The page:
meal for a family camper

Image via Pexels

Meal and Snack Suggestions

Many meals can be prepared at home, frozen, then reheated while camping.

Here are a few quick meal ideas:

  • Tacos

Prepare taco beef at home and freeze it. Bring shells and fresh condiments for a quick meal.

  • Chicken or beef stirfry

Prepare and season the meat, then freeze. Reheat, add veggies and serve with rice.

  • Spaghetti

Prepare and freeze the sauce. Boil water and prepare noodles while the sauce is heating.

  • BBQ ribs or chicken

Prepare and freeze. Thaw and heat over a grill or in foil packs over coals in your fire pit.

  • Chili

Make and freeze. It can be served as chili or heat it with elbow macaroni for chili-mac.

Pre-cooking and freezing food allows it to have a longer “cooler life.” Most raw foods will last about three days in a cooler.

Any meal that can be frozen can be prepared early.

Pre-cooked, frozen meals can last as long as 7 to 10 days.

Helpful Tip

In a cooler that is opened frequently, the ice will melt faster.  If you can, use one cooler for drinks and quick grab snacks and a second cooler for meats and meals.

Good snacks to bring are things that can be grabbed on the go, stuffed in daypacks, or eaten quickly.

These include items like granola bars, fresh fruits, fruit snacks in individual packages, dehydrated fruits, and trail mix.

Cereal in individual boxes is a great choice if you have children. These can be eaten right out of the box. They are (somewhat) nutritious. And you can use the boxes to help start the campfire later.

There are other resources and tons of camping hacks online, including some great meals.

delicious food cooking on a Campfire

Image via pxhere

What Clothing to Bring

We can’t exactly give you a packing list for clothes because we don’t know where you’ll be camping, but we can offer some tips.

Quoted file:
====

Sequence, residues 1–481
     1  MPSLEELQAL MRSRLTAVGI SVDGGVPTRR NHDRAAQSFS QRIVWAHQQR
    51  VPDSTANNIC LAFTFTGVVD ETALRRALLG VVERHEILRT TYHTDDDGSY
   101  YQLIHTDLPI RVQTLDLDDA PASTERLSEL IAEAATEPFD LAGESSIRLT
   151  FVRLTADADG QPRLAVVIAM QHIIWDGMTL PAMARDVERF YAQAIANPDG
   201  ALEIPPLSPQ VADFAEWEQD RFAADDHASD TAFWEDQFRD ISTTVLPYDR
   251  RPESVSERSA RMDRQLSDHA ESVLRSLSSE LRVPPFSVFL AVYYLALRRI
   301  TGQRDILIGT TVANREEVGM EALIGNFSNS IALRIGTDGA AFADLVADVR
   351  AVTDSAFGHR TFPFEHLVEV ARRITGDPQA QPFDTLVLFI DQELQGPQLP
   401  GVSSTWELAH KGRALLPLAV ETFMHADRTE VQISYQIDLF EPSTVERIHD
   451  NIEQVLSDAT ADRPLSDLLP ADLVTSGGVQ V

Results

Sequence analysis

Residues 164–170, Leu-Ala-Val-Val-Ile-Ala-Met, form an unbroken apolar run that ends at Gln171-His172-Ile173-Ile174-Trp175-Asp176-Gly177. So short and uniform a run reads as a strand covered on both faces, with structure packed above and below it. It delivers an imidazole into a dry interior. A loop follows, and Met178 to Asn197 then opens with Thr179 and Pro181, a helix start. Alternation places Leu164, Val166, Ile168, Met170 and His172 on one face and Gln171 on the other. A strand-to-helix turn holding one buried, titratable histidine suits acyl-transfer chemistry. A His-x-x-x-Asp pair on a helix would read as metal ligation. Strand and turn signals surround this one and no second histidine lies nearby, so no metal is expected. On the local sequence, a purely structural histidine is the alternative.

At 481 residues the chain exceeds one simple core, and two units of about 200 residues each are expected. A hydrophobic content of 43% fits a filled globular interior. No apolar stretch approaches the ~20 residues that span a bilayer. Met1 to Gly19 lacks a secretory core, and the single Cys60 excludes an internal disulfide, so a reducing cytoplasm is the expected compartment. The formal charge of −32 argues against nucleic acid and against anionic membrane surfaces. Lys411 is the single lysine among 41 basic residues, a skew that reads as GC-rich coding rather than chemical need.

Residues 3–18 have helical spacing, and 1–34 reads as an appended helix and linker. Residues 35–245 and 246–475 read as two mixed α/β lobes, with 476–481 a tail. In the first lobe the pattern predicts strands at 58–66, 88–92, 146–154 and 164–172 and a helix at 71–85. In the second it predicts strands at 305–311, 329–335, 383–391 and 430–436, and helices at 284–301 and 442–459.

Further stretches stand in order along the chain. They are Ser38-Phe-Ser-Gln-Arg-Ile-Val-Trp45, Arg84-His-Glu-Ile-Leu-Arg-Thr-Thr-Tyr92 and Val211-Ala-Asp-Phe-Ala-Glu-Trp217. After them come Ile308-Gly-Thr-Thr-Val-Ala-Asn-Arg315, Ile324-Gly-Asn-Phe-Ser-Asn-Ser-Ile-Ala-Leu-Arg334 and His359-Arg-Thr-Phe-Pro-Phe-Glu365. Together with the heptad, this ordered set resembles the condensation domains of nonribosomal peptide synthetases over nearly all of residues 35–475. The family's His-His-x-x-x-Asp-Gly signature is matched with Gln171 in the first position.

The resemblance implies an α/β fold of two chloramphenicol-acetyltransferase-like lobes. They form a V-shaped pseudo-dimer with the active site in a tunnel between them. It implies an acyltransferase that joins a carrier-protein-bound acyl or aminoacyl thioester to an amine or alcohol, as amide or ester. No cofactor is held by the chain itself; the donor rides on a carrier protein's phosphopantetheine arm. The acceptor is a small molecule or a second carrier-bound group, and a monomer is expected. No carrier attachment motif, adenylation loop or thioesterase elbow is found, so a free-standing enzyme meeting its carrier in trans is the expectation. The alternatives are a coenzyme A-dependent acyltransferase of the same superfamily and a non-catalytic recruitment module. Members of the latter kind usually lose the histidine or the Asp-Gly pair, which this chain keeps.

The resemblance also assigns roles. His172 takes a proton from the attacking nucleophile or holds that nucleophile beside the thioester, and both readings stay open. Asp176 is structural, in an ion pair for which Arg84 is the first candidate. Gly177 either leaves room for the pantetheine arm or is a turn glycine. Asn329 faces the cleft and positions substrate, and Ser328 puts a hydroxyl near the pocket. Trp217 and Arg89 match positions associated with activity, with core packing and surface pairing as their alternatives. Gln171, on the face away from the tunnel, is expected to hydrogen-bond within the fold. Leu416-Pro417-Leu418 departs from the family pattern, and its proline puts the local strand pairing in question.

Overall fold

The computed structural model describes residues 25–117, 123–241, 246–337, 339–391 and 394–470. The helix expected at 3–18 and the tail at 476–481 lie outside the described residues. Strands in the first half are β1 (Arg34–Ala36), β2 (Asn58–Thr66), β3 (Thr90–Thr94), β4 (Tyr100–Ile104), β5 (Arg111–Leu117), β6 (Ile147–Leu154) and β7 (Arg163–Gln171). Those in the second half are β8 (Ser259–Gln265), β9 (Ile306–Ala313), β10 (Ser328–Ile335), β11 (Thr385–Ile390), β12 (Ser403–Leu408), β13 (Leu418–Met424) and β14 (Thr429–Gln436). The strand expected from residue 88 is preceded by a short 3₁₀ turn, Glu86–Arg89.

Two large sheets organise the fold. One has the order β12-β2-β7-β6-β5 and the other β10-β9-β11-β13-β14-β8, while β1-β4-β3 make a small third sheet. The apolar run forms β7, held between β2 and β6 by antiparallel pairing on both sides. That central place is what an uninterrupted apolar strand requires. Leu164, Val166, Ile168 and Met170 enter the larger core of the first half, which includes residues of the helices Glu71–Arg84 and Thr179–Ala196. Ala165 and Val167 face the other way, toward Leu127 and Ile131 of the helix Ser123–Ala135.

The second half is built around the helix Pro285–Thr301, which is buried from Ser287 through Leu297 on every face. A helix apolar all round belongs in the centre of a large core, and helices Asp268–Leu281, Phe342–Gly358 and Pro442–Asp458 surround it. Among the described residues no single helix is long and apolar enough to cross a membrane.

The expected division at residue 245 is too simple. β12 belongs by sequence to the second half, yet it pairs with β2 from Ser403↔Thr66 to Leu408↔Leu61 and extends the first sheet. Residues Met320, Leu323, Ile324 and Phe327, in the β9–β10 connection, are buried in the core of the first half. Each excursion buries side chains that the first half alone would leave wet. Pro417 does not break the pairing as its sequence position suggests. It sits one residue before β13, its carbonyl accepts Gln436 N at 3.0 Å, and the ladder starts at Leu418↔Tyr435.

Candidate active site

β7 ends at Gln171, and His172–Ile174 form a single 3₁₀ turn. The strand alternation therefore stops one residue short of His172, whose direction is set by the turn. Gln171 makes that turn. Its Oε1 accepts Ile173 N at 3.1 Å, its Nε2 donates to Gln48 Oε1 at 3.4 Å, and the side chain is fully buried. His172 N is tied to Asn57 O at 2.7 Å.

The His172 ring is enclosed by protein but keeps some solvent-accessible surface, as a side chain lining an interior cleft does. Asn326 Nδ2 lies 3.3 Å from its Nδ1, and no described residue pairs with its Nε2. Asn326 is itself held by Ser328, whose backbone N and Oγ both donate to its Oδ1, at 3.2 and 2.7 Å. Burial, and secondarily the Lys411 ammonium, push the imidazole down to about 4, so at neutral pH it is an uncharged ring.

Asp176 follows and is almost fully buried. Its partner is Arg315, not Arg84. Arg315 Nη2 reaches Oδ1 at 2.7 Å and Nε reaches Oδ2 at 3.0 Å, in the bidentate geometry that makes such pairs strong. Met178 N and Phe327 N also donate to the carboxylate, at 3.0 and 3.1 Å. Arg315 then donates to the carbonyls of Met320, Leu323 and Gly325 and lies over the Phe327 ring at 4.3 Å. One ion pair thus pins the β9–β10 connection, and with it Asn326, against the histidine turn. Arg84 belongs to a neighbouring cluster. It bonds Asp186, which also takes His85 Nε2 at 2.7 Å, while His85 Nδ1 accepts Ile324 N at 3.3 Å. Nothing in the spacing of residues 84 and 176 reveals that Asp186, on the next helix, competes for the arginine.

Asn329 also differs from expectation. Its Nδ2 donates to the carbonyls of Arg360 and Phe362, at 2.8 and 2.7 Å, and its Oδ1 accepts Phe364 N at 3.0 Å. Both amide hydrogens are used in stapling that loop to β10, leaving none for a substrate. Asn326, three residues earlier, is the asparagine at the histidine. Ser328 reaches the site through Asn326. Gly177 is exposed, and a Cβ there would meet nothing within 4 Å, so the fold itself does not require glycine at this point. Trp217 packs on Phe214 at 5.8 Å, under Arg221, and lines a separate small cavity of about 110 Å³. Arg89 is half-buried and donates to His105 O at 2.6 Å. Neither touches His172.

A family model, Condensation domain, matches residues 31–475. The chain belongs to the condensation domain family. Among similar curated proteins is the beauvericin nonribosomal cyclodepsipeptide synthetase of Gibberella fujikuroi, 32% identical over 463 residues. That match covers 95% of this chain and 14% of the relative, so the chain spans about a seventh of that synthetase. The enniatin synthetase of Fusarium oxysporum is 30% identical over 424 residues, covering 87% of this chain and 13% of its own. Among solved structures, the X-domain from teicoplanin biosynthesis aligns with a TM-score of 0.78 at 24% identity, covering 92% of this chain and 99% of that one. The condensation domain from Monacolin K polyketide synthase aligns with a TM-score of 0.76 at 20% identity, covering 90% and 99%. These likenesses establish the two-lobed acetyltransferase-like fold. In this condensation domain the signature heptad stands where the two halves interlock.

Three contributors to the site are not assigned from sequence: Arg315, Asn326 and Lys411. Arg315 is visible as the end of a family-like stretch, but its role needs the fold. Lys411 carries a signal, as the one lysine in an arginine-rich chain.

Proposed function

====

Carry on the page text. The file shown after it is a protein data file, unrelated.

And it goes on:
Boots, shirt, and blanket to bring during camping

Image via: Freepik

  • Check the extended forecast for the area you have selected
  • Pack a variety of clothing that can be layered
  • Mix-and-match outfits are a great choice
  • ALWAYS pack that warm sweater or a coat of some kind (even in the south, in August)
  • Ponchos for everyone
  • Shower shoes/flip flops
  • Two extra pair of undergarments and socks

Don’t forget your hygiene items. Toothbrush, toothpaste, hairbrush.

via GIPHY

And your towel. Always take your towel.

Camping with Small Children Presents Additional Challenges

As we stated earlier, cabins are an excellent option for young children.

But don’t be afraid to take your children tent camping.

There are just some extra planning steps you should take.

  • Pack extra clothing — at least two extra days’ worth
  • Pack an extra pair of shoes for each kid
  • Bring lots and lots of sunscreen
  • If your child is in diapers — bring a lot of extras
  • If your child eats baby food — bring zippered baggies or other waterproof containers to store partial meals (because the ones they’re in don’t seal)
  • Pack enough toys or games to occupy the kids if you have a rainy day
  • Portable crib or sleeping basket
  • Don’t forget the baby jail (aka playpen)
  • Consider a child safety leash if you have a runner
  • Bring a permanent marker — you can use it to put a cell phone number or campsite number on small kids in case they wander off (don’t be judgy — it works)

Resources are endless.

Here are just a few: